Srirangam Ranganathaswamy Or Srirangam Temple
Sri Ranganathaswamy temple, in Srirangam, is ranked above Tirupati, as the Number One shrine among the 108 Divya Desams. Srirangam is actually a 600-acre island-town, surrounded by the waters of the Cauvery on one side and its tributary, the kollidam, on the other. The gigantic temple of Sri Ranganathaswamy and his consort, Sri Ranganayaki, occupying 613,000 sq m (156 acres), is the pride of this island. The temple has a number f firsts to its credit, the latest being the 73m (240 feet) tall, 13-tiered Rajagopuram, built in the 1980s, said to weigh nearly 25,000 tonnes. There are 20 other gopurams in this temple complex, and as many shrines.
Although the early Sangam literature makes mention about this temple, the earliest extant inscriptions date back to the 10th century. Almost all the major dynasties that ruled this area, like the Cholas, the Cheras, the Pandyas, and the Hoysalas have contributed to make it the biggest temple complex in the country. However, the temple owes its present prominence to the Vijayanagar Empire and its successor, the Nayaks. There is a statue of Tirumala Nayak, the greatest of the Madurai Nayak rulers, sculpted on one of the pillars of this vast temple.
It is said that this is the only temple in India to have seven prakaras. The seven prakaras (enclosures), represent the seven centres of yoga the seven elements that make up the human body, at the heart of which is the soul. The seventh is the outer wall, more like a fort, built in the aftermath of the Islamic invasions. The Sri Venugopala Krishnan shrine is in the fourth court. The walls are adorned with carvings of women in various attire. There is also a museum here. To the southis the Sesarayar Mandapam, opposite to which is the 1000 pillared hall, which has exquisite sculptures of gods and goddesses, alwars and acharyas. In the first prakaram dwells the Lord in his famous reclining posture. The moolavar faces south. He goes by several names, though he is famously known here as Sri Ranganathaswamy.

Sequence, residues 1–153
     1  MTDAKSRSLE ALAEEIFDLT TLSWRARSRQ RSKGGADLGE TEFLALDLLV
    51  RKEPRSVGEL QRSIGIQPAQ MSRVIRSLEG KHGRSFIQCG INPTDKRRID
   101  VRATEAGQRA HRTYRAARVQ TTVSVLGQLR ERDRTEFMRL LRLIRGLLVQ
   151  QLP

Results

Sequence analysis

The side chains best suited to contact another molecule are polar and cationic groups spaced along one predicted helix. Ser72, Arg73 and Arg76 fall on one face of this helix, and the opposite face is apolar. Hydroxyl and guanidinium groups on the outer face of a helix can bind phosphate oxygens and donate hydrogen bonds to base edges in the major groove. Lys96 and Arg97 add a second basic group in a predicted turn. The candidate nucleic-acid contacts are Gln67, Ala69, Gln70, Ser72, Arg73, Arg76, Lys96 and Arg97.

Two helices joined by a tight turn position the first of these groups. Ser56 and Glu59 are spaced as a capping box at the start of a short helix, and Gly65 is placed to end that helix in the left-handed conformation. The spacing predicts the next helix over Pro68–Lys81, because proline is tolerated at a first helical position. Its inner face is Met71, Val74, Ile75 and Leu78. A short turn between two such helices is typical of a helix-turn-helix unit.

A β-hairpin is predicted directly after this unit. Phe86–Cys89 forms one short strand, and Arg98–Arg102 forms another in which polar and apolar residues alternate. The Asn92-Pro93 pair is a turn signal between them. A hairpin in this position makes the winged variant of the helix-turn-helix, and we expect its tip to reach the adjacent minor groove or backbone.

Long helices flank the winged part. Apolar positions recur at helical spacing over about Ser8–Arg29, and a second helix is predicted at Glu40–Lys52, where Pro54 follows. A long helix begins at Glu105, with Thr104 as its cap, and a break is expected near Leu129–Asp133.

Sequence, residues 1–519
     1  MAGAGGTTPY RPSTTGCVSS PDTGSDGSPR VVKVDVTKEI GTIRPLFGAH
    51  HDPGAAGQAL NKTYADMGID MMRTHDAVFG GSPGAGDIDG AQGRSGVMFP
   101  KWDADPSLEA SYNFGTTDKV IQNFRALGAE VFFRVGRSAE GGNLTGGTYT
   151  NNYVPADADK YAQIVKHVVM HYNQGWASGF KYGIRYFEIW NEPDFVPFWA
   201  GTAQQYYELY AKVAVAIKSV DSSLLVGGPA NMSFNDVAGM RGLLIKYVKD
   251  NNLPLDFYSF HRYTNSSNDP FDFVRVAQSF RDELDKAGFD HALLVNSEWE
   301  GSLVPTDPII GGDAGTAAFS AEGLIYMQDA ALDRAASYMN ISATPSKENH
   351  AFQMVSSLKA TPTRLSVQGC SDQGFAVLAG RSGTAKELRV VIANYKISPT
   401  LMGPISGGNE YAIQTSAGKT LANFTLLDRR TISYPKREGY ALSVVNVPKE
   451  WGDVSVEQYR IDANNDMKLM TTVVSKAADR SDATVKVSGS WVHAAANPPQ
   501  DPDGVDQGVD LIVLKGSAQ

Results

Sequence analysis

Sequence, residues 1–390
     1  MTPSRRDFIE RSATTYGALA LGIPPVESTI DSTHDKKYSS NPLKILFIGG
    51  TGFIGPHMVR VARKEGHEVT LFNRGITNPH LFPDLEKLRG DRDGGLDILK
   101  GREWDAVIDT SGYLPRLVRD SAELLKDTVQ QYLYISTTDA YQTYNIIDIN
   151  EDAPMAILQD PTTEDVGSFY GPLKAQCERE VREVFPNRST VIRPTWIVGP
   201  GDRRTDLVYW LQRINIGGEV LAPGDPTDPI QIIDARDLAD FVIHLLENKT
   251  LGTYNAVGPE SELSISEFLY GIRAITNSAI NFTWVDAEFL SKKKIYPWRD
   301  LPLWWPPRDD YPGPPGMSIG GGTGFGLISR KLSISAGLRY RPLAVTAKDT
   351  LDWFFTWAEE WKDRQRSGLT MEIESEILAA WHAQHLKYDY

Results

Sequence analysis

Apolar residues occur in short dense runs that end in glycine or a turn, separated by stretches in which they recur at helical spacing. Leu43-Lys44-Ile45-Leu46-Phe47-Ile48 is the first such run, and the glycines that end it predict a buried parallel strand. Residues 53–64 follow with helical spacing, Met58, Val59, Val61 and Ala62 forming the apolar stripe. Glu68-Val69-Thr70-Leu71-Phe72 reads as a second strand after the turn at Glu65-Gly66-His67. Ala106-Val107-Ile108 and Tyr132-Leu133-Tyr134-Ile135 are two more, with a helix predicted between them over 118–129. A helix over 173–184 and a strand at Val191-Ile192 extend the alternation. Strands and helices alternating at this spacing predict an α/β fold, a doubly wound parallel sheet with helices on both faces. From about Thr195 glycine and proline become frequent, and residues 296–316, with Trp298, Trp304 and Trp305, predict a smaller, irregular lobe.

The srirangam temple, as well as the Jambukeswaram shrine, suffered terrible blows during the Muslim invasions of the 14th century. The first one was in 1311 by that iconoclast general of the Khiljis, Malik Kafur. The second one was in 1323 under Ulugh Khan (the later Mohammed Bin Thuglak), the son of Ghiyasuddin Thuglak. The two Muslim raids crippled the temple to such an extent that worship ceased. The 1323 invasion was particularly devastating. Worship was restored only in 1371 invasion was particularly devastating. Worship was restored only in 1371 when the forces of Vijayanagar stormed the temple complex. From then on for the next 350 years the Vijayanagar kings and the Nayaks lavished their riches on the temple, which has been hailed as Bhooloka Vaikuntam (Heaven on Earth). Many are the savants and saints who have sung in praise of this deity.
At the rear end is the shrine of the divine consort, Sri Ranganayaki. There are a number fo shrines in the huge courtyard, including one for Sri Rama and another for Vibishana. A side entrance leads to another massive courtyard, at the end of which is yet another towering gopuram. The various vahanas for the annual Brahmotsavam are kept in a mandapam here. The pillars in the mandapam are rich with sculptures. The front of the mandapam is embellished with that Vijayanagar/Nayak specialty: horsemen fighting lions. So detailed are the sculptures that the craftsen have left nothing to the imagination. The carvings above and below this tapestry in stone are equally rich in detail. The base depicts women in various postures. One of the pillars shows a rider, with the horse reared up, while below are a number of foot soldiers.
According to the sthala puranam, following a quarrel between Ganga and Cauvery, Lord Vishnu agreed to rest on the banks of the Cauvery. Cauvery would be like a garland round his chest, He told her. Lord Rama, it is said, worshipped Sri Ranganathaswamy, and gave away Sri Ranganatha's image to Vibishana as his farewell gift. The idol, however, got stuck on the banks of the Cauvery . The Lord then disclosed to Vibishana the promise He had made to Cauvery. He consoled a distraught Vibishana saying that though He would not be coming with him to Lanka, His gaze would be towards the island. The Lord is stretched towards the east, and faces south, in the direction of Lanka. Behind Him are Kubera and Sri Lakshmi.
How to get there: Srirangam, only seven km from Trichy, is well connected by bus and rail. There is a station here, and most express trains stop at Srirangam before reaching Trichy Junction.
Accommodation: The temple runs a choultry, and there are private lodgings as well. Trichy offers more variety.
Srirangam Renganathaswamy Temple Photos